Tips for Managing a Team of Remote Employees
How do managers manage the transition to remote working without losing valuable team culture?
There is one mighty online professional experiment underway, courtesy of COVID-19.
For millions of employees in the USA and worldwide, remote working from home is our new daily reality. Our new coworkers are partners, children and pets. Our scheduling and space are subject to different distractions and disciplines. Our commutes aren’t long enough for our favorite podcasts.
It all adds up to change. And this change has been an adjustment. We’ve lost a lot of what is familiar to us, including our most basic social structures – broad human interaction. Much as your loved ones are loved, when we’re living with narrower boundaries and domestic stresses, it can be hard to maintain your equilibrium.
For managers, there’s additional pressures. How do you stay on top of business when your team are remote? How do you maintain the work ethic under domestic pressures?
And how do you maintain your invaluable team culture when you can only engage virtually?
We are all learning how to do things differently. Here at Brunel we’ve got some really creative thinkers and leaders who have been testing ways to maintain our Brunel culture, while we are all working remotely.
Brunel’s tips to maintain your office culture, virtually.
Acknowledge that this is hard. And that it can be scary.
Ensure you are visible to your team and communicate on a regular basis via phone calls and text messages. Check-in both on a professional and personal level. “Communication is key” says Lisa Matthews, Operations Manager. “Encourage people to talk about their challenges and provide support and resources where you can.”
In the current situation, no one has all the answers. There are changes daily as we navigate uncharted waters. “Kindness counts” explains Lisa Matthews “be kind to one another, listen more and support your colleagues during these challenging times.”
You can maintain a corporate culture through online tools and remote working.
Brunel had an advantage here as we are a truly global organization with individuals spread around the world in every timezone. We were already familiar with virtual relationships, and are supported by a world-class IT infrastructure. That’s not the same for everyone.
Start with the immediate IT issues (“try turning it completely off, and back on again”), get more advanced help from your IT team if you can and google the problem if you can’t. Then focus on transitioning your team mantra from “in-person” to online.
Even with an established team, it’s worth re-establishing meeting etiquette – should video be on for this meeting, or off? Maybe not in every meeting, but occasionally it’s good to see familiar faces. Ask your team what they prefer, and agree upon some appropriate boundaries (clothing is required people!).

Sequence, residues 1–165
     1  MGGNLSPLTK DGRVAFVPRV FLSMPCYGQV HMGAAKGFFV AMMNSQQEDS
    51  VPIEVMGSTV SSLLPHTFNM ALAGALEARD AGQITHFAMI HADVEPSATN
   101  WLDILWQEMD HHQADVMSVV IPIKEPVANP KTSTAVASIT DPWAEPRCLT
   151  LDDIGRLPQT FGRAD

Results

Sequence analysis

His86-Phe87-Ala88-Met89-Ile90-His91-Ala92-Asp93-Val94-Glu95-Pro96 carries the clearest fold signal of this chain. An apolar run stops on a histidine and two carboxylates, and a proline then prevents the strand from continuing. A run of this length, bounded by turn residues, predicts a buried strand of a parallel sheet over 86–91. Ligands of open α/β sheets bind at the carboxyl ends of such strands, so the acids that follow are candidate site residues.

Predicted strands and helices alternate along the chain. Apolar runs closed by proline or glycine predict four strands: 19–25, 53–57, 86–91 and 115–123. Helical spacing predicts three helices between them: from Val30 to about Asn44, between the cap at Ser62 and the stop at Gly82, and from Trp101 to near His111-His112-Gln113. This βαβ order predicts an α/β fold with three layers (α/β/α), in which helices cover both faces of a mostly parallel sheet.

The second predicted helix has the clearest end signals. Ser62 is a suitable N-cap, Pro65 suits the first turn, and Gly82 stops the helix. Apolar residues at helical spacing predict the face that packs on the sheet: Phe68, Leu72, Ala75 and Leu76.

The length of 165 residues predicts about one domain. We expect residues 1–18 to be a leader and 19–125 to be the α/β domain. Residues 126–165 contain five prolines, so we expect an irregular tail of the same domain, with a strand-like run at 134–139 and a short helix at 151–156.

Lisa Matthews explains, “Structure is important: provide an agenda and follow it, allow enough time for all participants to contribute”. Maintaining structure outside of meetings is also important: Encourage your team to adhere to a daily routine that incorporates a start and stop time, as well as breaks throughout the day for healthy a work-life balance.
For teams that are newly forming, or when new team members join, video can help in engaging your people. Without video, there are no visual cues that allow your team members to indicate they have something to add to the discussion. Do you ask your team to use the chat sidebar to raise a question? Or are you ok with interruptions via audio?
Explain your expectations ahead of time. If you ask everyone to join on mute to minimize background noise and use a separate chat to ask questions, let everyone know, so that they can engage confidently from the start. And agree that everyone will say “I have no questions” when asked “does anyone have any questions?”. Without the energy in the room, engagement needs a different style and managers want to know they have been heard and understood.
Remember: silence kills a relationship (it’s called “ghosting”. Just ask a millennial).
Use all the tools to be creative in your engagement.
Without the watercooler or cafeteria chat, it can be hard to maintain the wider culture beyond your immediate team. Individuals should be creative in maintaining and developing relationships online.
Great leaders will allow the space for this to happen.
You could try a “Way Back Wednesday” - invite everyone to post a photo a graduation photo, or a picture of themselves as a child. Maybe next week invite everyone to post a photo of their new “coworker” or the new view from their “office”. It helps everyone appreciate the different situations we are in (plus you’ll get to see some cute pets). You could try a virtual happy hour at 3pm to check in with colleagues in a more informal way. Suggest dress down (or dress up?) themes to reinforce the visual difference between informal versus formal meetings
Be open-minded, invite suggestions from everyone. And if it doesn’t work, try something different. This is unknown territory, there’s no map to suit us all.
Just imagine if you were a teacher?
Spare a thought for all the teachers wrangling their entire classes online. I saw my 3rd grader’s teacher wrangle 24 8-year-olds on one video call this week. She did a masterful job of holding their attention, attending to their IT issues (I can’t hear you, are you on mute?), while engaging each of them in a conversation. She even had them putting their hands up to ask a question.
Maybe we should all be trying that?